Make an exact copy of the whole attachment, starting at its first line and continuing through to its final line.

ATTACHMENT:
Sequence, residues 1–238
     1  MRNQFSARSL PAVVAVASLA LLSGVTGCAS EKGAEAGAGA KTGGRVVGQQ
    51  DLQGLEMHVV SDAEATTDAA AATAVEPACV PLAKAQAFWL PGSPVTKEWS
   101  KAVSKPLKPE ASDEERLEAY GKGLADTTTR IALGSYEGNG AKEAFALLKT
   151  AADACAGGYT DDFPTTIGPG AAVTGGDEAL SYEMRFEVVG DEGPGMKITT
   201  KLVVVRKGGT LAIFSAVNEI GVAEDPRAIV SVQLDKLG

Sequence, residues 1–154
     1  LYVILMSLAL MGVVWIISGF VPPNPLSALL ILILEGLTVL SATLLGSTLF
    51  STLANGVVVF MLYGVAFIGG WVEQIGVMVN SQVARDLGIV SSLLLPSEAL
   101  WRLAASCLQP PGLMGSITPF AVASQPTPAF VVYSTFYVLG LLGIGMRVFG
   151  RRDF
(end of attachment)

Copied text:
Sequence, residues 1–238
     1  MRNQFSARSL PAVVAVASLA LLSGVTGCAS EKGAEAGAGA KTGGRVVGQQ
    51  DLQGLEMHVV SDAEATTDAA AATAVEPACV PLAKAQAFWL PGSPVTKEWS
   101  KAVSKPLKPE ASDEERLEAY GKGLADTTTR IALGSYEGNG AKEAFALLKT
   151  AADACAGGYT DDFPTTIGPG AAVTGGDEAL SYEMRFEVVG DEGPGMKITT
   201  KLVVVRKGGT LAIFSAVNEI GVAEDPRAIV SVQLDKLG

Sequence, residues 1–154
     1  LYVILMSLAL MGVVWIISGF VPPNPLSALL ILILEGLTVL SATLLGSTLF
    51  STLANGVVVF MLYGVAFIGG WVEQIGVMVN SQVARDLGIV SSLLLPSEAL
   101  WRLAASCLQP PGLMGSITPF AVASQPTPAF VVYSTFYVLG LLGIGMRVFG
   151  RRDF